I guess any blog post about geocaching should start with an explanation of what it is. It's basically a high tech treasure or scavenger hunt. You log onto geocaching.com, do a search of a location you want to geocache in, put the coordinates on a GPS and then go find the cache. A cache is a container that contains at least a log book that you sign once you find it. It can also contain trade items. These are items that you can take if you leave something else in the cache.
I got into geocaching a few years ago when visiting my friend Dave (whose geocaching name is Juicepig). He had been doing it for a couple of years and was very passionate about it. The first cacheI ever found was at an abandoned campsite in Utopia, Ontario. It was interesting to visit and we would never have gone there if it wasn't for this geocache. This is one of the great things about geocaching in a city you are visiting; it takes you to places you never would have known about. That was one of the reasons I decided to geocache in Atlanta while attending the Grace Hopper Celebration of Women in Computing. The other reason is that before I left for Atlanta, I had found at least one cache each day for the last 58 days and wanted to keep up my streak.
I also wanted to find two caches that were really far apart on the same day. So on Monday September 27th, before leaving for Atlanta, I found 'OLYMPIQUES 3 - TIGRES 2' near the Robert Guertin arena in Gatineau, Quebec and once in Atlanta, I found 'Birds Eye View' with Terri and Gail. The distance between these two caches is about 1500 km (900 mi). The 'Birds Eye View' cache was magnetic and stuck on a pole that had to road signs on it.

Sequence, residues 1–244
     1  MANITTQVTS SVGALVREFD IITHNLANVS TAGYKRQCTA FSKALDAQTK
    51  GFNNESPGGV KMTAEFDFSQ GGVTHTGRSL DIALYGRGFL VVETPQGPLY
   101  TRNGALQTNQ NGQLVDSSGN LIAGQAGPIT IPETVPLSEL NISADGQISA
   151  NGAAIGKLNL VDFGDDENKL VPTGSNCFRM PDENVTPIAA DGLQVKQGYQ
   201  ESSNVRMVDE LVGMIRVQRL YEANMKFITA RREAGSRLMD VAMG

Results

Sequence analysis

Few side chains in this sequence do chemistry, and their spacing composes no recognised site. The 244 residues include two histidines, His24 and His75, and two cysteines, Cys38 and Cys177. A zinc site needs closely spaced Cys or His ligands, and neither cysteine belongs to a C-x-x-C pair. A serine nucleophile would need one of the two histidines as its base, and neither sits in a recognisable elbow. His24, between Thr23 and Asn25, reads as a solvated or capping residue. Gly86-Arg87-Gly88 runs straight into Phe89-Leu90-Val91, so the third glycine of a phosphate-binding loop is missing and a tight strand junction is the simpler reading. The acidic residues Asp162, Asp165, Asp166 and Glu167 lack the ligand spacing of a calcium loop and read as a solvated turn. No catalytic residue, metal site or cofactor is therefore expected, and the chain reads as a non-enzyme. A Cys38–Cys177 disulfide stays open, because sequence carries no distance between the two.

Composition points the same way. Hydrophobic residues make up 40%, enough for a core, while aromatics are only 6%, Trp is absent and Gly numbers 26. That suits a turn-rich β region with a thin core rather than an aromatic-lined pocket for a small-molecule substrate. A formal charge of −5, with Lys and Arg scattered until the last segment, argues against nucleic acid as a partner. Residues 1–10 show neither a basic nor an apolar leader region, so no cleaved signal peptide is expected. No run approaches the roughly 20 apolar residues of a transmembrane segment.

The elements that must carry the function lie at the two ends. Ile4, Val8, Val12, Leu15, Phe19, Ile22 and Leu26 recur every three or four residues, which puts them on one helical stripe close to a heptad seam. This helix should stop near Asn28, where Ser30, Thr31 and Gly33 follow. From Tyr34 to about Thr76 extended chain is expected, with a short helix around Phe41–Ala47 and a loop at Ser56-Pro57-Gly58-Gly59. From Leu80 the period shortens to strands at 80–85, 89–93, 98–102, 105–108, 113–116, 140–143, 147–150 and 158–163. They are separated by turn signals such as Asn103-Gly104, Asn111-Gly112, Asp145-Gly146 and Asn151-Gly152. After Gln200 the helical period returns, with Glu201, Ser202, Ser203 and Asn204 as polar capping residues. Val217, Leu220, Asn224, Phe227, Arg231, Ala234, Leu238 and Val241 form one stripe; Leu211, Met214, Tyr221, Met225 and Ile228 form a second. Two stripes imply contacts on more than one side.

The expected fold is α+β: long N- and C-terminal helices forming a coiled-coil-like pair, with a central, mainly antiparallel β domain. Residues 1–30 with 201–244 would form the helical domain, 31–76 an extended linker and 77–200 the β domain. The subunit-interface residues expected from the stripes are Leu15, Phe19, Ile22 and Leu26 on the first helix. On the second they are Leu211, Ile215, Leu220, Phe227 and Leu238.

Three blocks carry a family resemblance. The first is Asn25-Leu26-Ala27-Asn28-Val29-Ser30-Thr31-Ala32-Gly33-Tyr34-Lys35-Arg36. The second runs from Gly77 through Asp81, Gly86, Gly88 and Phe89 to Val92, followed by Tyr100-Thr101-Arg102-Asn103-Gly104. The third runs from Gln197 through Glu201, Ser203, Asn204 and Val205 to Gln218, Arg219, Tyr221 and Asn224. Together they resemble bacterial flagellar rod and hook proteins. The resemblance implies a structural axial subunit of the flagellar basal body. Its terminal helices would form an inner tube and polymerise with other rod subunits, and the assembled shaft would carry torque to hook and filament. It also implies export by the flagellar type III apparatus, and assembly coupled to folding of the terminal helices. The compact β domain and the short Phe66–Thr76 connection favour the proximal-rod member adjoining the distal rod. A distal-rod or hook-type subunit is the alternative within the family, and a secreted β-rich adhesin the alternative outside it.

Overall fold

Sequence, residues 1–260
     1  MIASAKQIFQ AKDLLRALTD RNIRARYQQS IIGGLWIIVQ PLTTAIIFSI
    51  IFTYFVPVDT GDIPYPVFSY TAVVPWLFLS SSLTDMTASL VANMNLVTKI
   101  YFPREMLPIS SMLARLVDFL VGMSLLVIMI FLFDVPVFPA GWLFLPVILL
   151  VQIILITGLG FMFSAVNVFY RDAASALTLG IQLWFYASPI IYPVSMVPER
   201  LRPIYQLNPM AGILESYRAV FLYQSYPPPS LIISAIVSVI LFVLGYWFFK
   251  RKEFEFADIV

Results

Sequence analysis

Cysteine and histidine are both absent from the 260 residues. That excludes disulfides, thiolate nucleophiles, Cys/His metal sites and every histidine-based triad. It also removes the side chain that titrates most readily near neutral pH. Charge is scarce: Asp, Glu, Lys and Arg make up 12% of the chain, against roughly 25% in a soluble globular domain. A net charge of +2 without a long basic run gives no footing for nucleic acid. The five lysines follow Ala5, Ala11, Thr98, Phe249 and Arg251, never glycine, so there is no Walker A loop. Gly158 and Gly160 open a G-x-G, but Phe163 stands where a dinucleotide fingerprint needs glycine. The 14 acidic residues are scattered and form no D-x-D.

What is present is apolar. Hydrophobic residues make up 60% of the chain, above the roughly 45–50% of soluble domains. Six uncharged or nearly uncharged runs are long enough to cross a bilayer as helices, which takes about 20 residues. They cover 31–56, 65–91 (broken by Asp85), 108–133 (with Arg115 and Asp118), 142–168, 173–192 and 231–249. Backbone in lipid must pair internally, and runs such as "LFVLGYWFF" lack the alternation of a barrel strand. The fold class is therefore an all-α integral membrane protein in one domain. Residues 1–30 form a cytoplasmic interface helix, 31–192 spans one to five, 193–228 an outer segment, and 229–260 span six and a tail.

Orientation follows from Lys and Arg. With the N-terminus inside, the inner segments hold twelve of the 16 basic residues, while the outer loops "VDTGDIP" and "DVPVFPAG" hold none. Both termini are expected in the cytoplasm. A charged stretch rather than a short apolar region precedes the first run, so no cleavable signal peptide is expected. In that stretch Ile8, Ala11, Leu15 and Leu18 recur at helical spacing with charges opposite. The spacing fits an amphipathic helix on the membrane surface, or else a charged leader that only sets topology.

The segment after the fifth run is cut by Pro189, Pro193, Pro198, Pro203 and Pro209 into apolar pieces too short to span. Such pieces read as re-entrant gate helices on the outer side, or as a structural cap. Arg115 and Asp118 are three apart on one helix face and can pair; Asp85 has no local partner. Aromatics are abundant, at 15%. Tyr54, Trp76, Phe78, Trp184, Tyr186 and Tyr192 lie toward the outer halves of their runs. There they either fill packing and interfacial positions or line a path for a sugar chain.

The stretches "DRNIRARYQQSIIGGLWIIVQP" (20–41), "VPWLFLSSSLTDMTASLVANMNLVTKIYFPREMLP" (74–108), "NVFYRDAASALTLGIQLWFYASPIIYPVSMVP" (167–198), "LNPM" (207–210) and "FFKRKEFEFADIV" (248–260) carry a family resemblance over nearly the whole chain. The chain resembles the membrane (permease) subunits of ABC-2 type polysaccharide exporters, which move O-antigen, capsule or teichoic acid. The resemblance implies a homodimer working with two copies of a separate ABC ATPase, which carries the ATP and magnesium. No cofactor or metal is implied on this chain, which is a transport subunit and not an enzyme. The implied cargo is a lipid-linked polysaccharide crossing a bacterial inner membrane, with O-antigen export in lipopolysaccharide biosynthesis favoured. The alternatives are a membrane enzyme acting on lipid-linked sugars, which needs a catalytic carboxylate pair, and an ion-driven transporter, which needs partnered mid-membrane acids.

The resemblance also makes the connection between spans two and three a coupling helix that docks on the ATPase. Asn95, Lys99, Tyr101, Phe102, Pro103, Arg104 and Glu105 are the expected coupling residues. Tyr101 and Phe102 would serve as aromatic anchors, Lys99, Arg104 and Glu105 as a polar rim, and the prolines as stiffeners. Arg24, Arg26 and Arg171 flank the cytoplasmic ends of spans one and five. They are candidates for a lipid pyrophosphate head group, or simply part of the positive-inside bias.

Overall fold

On Tuesday September 28th, Gail, Terri and I spent the day at the Atlanta History Center (you can read about it here) so I didn't end up caching until after 5pm. Gail and I decided to find a cache before heading over to the Hyatt to pick up our badge and swag for Grace Hopper. We attempted 'Folk Art Park Part 2' but couldn't find it. We moved onto 'Folk Art Park Part 1' and found it without any trouble. Both of these caches brought us to two interesting parks with Folk Art.
On Wednesday September 29th, I went to Centennial Olympic park and started working on finding 'Quilt of Nations'. This cache is what is called a multi cache. It takes you to several locations and often you have to collect some information at each spot in order to find the next stage of the cache. The first stage took me to a 'quilt of nations'. I had to count the number of flags, add it to a particular number and that would complete the missing portion of a coordinate. I did this and went on to the next stage.
This stage was at a building that used to be a church but is now a music hall. I had to find the three numbers to the left of the box office and add them to a number and this gave me the missing portion of the coordinate for the final. I made my way to the final but there were two police officers nearby so I moved on to another cache called 'Shining Light' which was at one of the entrances of Centennial Olympic Park. Its container is the smallest kind of container in geocaching. It is called a nano and I'll talk more about this type of container in my next post.
After finding that one, I headed back to the final for 'Quilt of Nations' and easily found it. One of the hints on the cache page told you to remember the numbers from the music hall. I needed it in order to open the combination lock on the cache. The final for this cache was a gray plastic container attached to a telephone poll. It is out in the open but unless you were looking for the cache you would never give it a second look.
In 'Geocaching in Atlanta Part 2', I'll talk about the rest of the geocaches I found in Atlanta as well as explain what a travel bug is.